[7] If one surveys commentaries and sermons on the parable, one finds writers and preachers focusing on each one of these alternatives.

[8] This quote is found in Hallford E. Luccock, “Exposition” in Volume 7: The Interpreters Bible: The Gospel According to St. Mark George Buttrick, ed. (Nashville, TN: Abingdon Press, 1951), 696. The inscription is found on a bronze tablet found in the cathedral in memory of Canon Samuel Barnet who worked in London’s east end for many years.

He Came to Make Disciples

Most of us do not know the name “Benjamin Graham.” He was born in England, came to the United States of America, went into business, and ultimately wrote a book with the scintillating title, Security Analysis. [1] Graham, along with his co-author, David Dodd, whom even fewer people know, was the father of what we call, “Value Investing.” One of his disciples has name we all know—Warren Buffett.imgres

Today, most people have forgotten the name Chuck Noll. Football people call him “the forgotten coach.” He coached only one team, the Pittsburg Steelers. Nevertheless, Chuck Noll coached some of the most famous players in NFL history. He coached Jack Lambert, “Mean Joe Green,” Jack Hamm, Terry Bradshaw, Lynn Swan, John Stallworth and many players who made NFL history. He developed the famous “Steel Curtain” defense. When he became head coach the Steelers had only played in one post-season game in 36 years. He took them to four Superbowls.imgres-1

Most of us do not know the name Mary Mahoney, but she was a famous nurse. Mahoney worked at the New England Hospital for Women and Children before she was accepted to the hospital’s nursing school at the age of thirty-three. Mary Mahoney was black when black nurses were unheard of. She was a source of inspiration and opened doors for generations of nurses. [2]Mary_Eliza_Mahoney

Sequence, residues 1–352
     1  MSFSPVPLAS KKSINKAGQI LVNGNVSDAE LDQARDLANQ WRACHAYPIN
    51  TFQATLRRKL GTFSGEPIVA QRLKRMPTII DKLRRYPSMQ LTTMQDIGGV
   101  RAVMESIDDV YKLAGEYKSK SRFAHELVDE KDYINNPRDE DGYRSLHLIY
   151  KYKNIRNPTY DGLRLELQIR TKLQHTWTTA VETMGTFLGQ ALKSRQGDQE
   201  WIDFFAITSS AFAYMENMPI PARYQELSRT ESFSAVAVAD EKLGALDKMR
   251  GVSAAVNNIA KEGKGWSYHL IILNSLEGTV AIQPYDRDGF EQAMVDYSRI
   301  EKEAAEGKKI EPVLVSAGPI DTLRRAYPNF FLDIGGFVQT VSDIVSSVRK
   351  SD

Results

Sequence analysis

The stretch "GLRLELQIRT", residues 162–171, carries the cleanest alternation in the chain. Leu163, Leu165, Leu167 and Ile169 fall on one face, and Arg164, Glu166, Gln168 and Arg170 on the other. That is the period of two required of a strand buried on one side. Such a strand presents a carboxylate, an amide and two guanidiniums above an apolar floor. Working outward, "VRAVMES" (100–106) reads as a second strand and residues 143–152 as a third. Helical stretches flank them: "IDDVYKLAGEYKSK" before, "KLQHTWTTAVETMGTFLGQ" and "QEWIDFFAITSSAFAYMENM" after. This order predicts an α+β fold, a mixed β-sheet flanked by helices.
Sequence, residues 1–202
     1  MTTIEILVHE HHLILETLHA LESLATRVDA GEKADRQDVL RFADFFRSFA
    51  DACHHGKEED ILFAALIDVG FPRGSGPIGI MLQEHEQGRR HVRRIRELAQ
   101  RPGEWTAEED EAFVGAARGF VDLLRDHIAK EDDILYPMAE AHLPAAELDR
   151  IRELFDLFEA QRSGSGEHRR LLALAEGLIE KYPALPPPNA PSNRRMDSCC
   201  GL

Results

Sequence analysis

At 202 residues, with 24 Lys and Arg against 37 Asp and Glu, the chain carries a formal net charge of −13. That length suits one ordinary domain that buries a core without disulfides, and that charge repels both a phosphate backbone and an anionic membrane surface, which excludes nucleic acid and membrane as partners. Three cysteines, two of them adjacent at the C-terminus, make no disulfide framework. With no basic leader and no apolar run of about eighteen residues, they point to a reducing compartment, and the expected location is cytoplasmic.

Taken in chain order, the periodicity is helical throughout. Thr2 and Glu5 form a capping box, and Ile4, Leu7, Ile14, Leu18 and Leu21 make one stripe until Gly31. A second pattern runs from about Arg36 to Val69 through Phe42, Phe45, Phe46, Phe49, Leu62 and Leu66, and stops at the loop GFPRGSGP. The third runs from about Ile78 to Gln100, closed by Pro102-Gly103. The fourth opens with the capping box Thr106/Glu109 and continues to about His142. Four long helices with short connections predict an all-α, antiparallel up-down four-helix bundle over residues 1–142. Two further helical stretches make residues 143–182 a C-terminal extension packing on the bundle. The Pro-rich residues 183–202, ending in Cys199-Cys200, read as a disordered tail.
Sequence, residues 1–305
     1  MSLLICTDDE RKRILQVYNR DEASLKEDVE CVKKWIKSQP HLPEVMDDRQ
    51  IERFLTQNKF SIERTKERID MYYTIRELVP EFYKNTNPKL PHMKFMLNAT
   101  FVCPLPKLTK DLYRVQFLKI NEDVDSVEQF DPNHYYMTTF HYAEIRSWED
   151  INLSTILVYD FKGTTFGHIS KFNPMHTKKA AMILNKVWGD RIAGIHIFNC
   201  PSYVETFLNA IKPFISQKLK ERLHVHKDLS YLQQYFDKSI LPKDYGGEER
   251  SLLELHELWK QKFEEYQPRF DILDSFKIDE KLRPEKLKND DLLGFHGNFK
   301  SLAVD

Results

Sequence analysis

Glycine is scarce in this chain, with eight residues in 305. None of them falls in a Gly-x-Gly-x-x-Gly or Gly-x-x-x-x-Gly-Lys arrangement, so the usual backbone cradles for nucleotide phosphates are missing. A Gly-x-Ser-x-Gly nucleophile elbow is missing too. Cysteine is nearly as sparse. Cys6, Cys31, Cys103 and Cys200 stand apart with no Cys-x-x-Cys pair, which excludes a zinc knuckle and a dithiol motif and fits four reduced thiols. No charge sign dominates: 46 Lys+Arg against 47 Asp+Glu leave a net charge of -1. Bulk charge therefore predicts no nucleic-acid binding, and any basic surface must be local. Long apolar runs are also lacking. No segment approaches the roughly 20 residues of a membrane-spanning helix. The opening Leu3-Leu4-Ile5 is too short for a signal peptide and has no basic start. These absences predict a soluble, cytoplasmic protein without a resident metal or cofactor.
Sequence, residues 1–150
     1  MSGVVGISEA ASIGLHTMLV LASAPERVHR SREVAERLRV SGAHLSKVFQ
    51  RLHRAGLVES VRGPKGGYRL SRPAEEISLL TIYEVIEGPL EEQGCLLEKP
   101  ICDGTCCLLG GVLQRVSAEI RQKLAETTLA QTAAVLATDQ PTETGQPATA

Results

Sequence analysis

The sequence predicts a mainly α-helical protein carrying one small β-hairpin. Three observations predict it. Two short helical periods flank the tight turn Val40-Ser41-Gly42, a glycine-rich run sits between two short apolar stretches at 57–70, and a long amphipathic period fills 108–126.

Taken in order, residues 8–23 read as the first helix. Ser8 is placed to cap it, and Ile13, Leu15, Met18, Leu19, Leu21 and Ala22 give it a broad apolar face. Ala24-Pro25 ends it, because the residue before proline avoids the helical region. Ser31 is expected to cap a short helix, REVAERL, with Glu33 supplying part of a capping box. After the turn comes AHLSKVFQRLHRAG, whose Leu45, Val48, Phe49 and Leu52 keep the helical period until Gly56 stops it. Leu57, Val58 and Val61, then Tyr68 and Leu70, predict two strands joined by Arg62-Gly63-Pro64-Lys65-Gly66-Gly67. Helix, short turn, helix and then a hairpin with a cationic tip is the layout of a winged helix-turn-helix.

Everyone is a disciple of someone. All of us owe our attainments to someone who cared enough to help us accomplish what we have accomplished in life. This morning, we are visiting about the most important discipleship opportunity any of us will ever have, the opportunity to be a disciple of Jesus Christ.

The Wisdom of Following Jesus.

On Epiphany Sunday, Christians remember the coming of the wise men (or Magi) to see the Baby Jesus (Matthew 2:1-12). As you might expect from someone who wrote a book on wisdom literature, the story of the wise men is one of my favorites. Sometime before or just after Jesus was born, a group of wise men far to the east of Israel looked into the sky and saw a star. After consulting astrological charts, they determined that the star was a sign that a new king had been born, a king of the Jews who lived in Palestine to the West. They set out to confirm their theory. First, they went to Jerusalem where they saw King Herod. Herod, however, had no new child. After consulting experts on the Old Testament, they learned that the child was probably born in Bethlehem in Judea. The wise men set off and continued following the star to where the baby was. They worshiped the child. They were the first Gentiles, non-Jews, to worship Jesus.

imgres-2The story was placed in our Bible partially as a testimony to the accuracy of the prophesies of the Messiah and prove that Jesus was the Messiah. Partially they are included in Scripture to reflect the understanding of the early Christians that, while Jesus was the Messiah of Israel, he is also the savior of Jews and Gentiles alike.

The image of the star is an image of the light of God coming into our dark world with all the wisdom and love God can give us. The earliest name for Christians was “People of the Way.” Jesus came to show us a Way of Life, what wisdom writers called “The Path of Life”—a path leading to health and wholeness, mentally, physically, emotionally, and spiritually. To be a disciple of Jesus is to follow the path of Wisdom and Love he lived out among us. It is to become the people God intended us to be.